So when it comes to what fossil fuels and climate change are doing to our planet – throwing nature out of balance and putting us on the express lane to global catastrophe – we’re calling it like we see it.
We’re calling it the climate crisis.
The way we see it, it’s the only term that makes sense. After all, when lethal heatwaves become the new normal and kids can’t safely play outside, it’s a crisis. When reservoirs dry up and droughts stretch on so long that farms wither and our water’s at risk, it’s a crisis. When kids have to walk out of school for adults to see their future’s on the line, you bet it’s a crisis.
Then there’s the fact that the world’s best scientists are jumping up and down and waving their lab coat arms, trying to warn us that these and other impacts start going from bad to worst if we don’t slash fossil fuel emissions by 2030.
That we are approaching dangerous points of no return if we don’t act, everywhere from the continued existence of coral reefs to Greenland’s massive ice sheet melting and raising sea levels worldwide.
So yeah, what we’re facing is a climate crisis. And we need to start talking about it that way.
Why Fossil Fuel Interests Like “Climate Change”
Gentler related terms like “global warming” and “climate change” tend to fill most media and political discussions. But they’re just part of the story in much the same way that a car is just one part of a car crash.
Global warming, generally speaking, refers to an increase in average annual temperatures we’ve seen since the Industrial Revolution. Basically, the process of the world getting hotter overall since we started burning fossil fuels.
Climate change, on the other hand, is the shift in seasonal patterns we see as global warming throws nature out of balance. It’s how winters are not only seeing warmer temperatures but more extreme and frigid storms (polar vortex, we’re looking at you). It’s how the water cycle that brought snow and rain at predictable times of the year for generations isn’t on the same timetable in growing numbers of places. The list goes on.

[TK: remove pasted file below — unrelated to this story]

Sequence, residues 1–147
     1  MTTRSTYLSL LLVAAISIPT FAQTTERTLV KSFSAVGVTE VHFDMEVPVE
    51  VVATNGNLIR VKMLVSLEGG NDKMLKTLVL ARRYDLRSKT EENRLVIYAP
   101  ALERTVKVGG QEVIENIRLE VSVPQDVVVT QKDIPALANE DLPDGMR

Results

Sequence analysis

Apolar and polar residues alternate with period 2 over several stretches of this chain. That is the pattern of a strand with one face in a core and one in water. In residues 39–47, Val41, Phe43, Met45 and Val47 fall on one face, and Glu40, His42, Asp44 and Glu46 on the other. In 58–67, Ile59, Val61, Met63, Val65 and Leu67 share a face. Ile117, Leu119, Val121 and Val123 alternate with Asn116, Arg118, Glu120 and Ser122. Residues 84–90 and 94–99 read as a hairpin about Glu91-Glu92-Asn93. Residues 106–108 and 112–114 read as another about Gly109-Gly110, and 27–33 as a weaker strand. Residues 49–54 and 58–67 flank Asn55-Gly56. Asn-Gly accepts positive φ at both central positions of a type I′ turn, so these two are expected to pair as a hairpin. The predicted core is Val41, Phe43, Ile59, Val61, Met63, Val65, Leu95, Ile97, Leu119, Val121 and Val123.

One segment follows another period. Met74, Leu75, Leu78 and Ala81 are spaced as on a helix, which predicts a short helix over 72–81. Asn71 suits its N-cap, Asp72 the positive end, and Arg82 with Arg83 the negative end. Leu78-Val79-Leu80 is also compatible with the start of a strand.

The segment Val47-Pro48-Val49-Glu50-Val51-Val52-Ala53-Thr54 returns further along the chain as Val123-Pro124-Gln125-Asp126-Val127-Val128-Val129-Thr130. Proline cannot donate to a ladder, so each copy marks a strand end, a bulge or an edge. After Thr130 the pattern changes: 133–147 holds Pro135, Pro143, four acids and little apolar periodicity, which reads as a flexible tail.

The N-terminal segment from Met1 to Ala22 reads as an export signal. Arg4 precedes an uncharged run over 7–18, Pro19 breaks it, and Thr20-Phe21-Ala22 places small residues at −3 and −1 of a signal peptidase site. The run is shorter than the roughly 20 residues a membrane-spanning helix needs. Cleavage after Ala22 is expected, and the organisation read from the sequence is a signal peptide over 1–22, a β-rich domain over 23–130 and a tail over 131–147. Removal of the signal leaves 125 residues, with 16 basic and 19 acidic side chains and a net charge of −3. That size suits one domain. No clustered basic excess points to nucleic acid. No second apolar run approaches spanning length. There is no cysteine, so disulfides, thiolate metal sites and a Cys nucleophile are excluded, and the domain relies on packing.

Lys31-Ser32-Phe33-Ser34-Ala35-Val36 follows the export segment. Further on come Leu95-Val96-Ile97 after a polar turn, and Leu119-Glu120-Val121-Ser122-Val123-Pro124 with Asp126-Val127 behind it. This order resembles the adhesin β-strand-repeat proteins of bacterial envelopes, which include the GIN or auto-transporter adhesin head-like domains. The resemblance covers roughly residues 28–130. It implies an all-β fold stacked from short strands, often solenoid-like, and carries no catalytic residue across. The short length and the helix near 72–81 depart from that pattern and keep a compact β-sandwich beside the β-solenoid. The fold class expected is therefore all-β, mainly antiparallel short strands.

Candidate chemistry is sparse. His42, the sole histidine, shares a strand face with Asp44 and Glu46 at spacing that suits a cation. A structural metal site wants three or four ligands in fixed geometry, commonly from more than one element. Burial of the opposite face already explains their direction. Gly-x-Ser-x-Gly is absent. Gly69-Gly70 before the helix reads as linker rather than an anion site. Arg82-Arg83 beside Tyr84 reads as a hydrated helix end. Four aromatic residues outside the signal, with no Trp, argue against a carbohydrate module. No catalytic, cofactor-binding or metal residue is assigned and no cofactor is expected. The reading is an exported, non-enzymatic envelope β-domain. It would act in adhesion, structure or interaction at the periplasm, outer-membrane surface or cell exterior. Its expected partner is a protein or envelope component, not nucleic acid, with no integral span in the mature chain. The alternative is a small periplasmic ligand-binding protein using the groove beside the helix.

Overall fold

Contrary to conspiracy theories, both terms have been around for decades. Skeptical Science traces “global warming” back to 1961 and a variation on climate change – “climatic change” – even further back to a 1953 paper.
According to NASA, the term “global warming” burst onto the public stage in June 1988 when scientist James Hansen gave widely reported and alarming testimony to Congress on the greenhouse effect and climate change, capturing the public imagination. That same year, “climate change” entered the highest levels of international policy with the formation of the Intergovernmental Panel on Climate Change.
For fossil fuel interests, the difference between the two was not academic. In 2002, pollster Frank Luntz – the architect of the climate denial strategy challenging the scientific consensus – had a new idea for undermining popular support for climate action, advising then-President Bush:
“‘Climate change’ is less frightening than ‘global warming.’ As one focus group participant noted, climate change ‘sounds like you’re going from Pittsburgh to Fort Lauderdale.’ While global warming has catastrophic connotations attached to it, climate change suggests a more controllable and less emotional challenge.”